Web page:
RP: That workshop went on for about five hours. We ended up in a Jazz club and did Hilda her night out during which the girls discover their love for dance and music. That’s what we wanted to create during that first workshop. We started at that street corner, went to the club and ended up in the park where we played our music.
MP: In terms of filming on set, we did most of it chronologically. I think the first one was the sneaking out of the bedroom one.
LV: Who created the dance routines you have to do in this movie?
RP: That was Justyna (Szymanska) from Manchester. Apart from being a dancer, she’s also studying for her Maths degree. Michael sent me a video of Justyna performing and we’d seen a lot of fantastic dancers around that period and they were always trying to make the dance look very impressive and all about the show. Justyna is one of the best dancers I’ve seen in my life and she was the only person who understood that this wasn’t a dance film and that it wasn’t about the best dancer in the world. It was about someone who just loves dance and was trying to find her style. Justyna took that on and worked tirelessly while also getting a degree in Maths and doing her dance projects. She worked very hard on this film. Megan also had to work incredibly hard to embody these crazy routines Justyna came up with. Justyna really was the brains behind how Hilda expresses herself through dance. Hilda is a character that isn’t very good at talking to people and who can’t vocalize things. Somehow, when the music is playing and when she’s able to dance, she knows how to express her emotions. Without her, this film wouldn’t be what it is today.
YA: The moment where I had the feeling that I understood my character is when I did a workshop with Justyna. It was just a moving workshop and was all about the movements and music. Justyna was doing these different workshops with me and made me understand that’s not all about Hilda and that Ayala also has her own life as well. Ayala isn’t just someone on the sideline. Thanks to those workshops I was able to come to terms with who my character was and how she moved. After that, I found it all so much easier.
LV: Will Hilda have further screenings after its Premiere at Raindance?
RP: Of course we would love for this film to reach as many people as possible. The feedback that we got is that this film is very relatable for people, even if they’re not going through the same difficult time as Hilda. We do believe that the film could have the potential to do that. What we’re going to try to do is, hopefully, have a good festival run with this film and get it seen by as many people as possible. Getting people speaking about it.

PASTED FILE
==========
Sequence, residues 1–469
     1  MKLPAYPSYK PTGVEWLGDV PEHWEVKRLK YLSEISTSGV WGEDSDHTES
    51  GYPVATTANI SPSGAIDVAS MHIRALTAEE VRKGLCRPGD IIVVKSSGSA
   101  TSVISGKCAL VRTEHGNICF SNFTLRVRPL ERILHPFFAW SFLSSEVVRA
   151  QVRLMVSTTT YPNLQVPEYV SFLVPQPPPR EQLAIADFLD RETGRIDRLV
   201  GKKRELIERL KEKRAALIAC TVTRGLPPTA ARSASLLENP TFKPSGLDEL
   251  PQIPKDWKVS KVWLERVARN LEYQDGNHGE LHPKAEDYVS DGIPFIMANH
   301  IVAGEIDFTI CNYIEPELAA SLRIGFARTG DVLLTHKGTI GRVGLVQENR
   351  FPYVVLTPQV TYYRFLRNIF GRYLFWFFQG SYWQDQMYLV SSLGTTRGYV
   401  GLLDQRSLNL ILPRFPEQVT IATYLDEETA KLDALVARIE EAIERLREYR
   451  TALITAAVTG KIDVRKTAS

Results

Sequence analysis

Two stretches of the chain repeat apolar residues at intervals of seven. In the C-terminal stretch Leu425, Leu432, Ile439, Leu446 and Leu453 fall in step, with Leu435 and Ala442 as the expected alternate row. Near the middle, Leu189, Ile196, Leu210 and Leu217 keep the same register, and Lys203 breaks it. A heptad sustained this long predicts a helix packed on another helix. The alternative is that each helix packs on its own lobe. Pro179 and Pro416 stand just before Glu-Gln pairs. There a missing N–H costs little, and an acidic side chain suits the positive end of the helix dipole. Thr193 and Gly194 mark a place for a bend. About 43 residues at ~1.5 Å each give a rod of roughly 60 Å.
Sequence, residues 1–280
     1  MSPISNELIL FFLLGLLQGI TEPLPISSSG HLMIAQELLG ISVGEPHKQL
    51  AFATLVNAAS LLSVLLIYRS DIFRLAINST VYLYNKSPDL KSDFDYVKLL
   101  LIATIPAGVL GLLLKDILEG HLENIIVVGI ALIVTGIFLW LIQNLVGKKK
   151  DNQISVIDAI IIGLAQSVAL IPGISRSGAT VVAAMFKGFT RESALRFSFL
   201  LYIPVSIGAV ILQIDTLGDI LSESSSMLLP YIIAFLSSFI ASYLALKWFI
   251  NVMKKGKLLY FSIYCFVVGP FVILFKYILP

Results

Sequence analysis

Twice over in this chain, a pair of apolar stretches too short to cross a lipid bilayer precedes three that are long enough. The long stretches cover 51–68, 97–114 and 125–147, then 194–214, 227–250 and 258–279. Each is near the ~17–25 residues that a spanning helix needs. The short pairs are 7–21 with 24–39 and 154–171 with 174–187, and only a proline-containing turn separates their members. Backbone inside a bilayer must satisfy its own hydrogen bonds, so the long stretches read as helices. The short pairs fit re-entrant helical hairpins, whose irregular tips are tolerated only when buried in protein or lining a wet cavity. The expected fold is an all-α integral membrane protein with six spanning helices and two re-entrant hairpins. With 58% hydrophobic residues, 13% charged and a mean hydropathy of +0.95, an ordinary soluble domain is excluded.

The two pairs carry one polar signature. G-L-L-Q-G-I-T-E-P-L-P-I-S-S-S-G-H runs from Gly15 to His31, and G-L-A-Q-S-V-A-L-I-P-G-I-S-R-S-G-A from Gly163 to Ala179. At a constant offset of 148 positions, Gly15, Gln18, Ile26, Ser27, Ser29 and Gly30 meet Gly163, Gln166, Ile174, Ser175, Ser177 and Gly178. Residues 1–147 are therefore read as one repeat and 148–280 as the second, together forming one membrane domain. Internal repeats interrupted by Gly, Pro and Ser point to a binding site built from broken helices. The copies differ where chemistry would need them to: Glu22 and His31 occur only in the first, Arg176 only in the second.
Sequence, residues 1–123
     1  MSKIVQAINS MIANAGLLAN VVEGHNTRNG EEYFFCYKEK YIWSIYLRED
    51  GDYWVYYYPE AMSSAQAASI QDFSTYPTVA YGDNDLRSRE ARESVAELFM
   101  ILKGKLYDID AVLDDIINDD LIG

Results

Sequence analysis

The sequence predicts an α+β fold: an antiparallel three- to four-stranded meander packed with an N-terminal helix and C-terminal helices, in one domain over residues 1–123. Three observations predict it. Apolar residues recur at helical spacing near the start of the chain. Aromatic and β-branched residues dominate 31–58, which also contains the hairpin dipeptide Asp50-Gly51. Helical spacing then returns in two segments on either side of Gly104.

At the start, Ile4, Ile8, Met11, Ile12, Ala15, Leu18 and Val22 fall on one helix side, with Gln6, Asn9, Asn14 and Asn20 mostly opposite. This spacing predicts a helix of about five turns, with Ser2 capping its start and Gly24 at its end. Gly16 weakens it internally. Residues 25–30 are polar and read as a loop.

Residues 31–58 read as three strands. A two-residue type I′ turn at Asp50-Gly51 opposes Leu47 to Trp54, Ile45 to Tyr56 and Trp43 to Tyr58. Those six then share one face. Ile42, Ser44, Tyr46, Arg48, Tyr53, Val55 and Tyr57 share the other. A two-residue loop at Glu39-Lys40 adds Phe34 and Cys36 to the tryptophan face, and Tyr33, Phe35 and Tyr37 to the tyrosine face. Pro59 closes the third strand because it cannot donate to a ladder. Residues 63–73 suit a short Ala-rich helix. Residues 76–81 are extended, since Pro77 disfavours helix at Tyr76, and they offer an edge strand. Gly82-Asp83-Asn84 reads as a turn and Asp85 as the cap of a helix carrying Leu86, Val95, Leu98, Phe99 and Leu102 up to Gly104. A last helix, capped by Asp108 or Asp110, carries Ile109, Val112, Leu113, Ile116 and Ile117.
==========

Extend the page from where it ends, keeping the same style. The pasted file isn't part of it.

LV: What’s next for you guys after this?
RP: When working on this film, someone said to me that before I go to the festivals with this film, that I had to know the next projects I would be working on. This film is the first one of the production company that I and Tomos Roberts founded. We’ve always helped each other during various projects. Sometimes I had to do lighting for a play that he was doing or then he might need to be a gaffer for a play that I was doing. We filled in each other’s roles. Tom did an incredible job producing this film but he also has other projects of his own. I’m thinking about some other projects myself and starting to write my next feature.
YA: For me, it’s just auditioning. I’m quite new to the acting game so I hope this might open some opportunities for me. I’m hoping just to focus on acting soon and do whatever I’m trying to get into. On the lookout for new and interesting roles. Ones that are a bit different and in which I can play the character in the way that other people might not play it.
MJ: I’ve got a couple of films coming out so I’m going to see how those go. I’m waiting to hear back from some auditions. I’m really hoping that this festival will open some doors for us and for people to see what we can create and to see our talent. We can take on projects that we want to do because we want to dedicate our lives to being in the film industry. We’re hoping that Raindance really will help us do that. It’s a festival that celebrates independent filmmaking and it really does do that. We’re excited to get our film and our talent out there and show the world what we can do.
Also Read: Hilda (Review)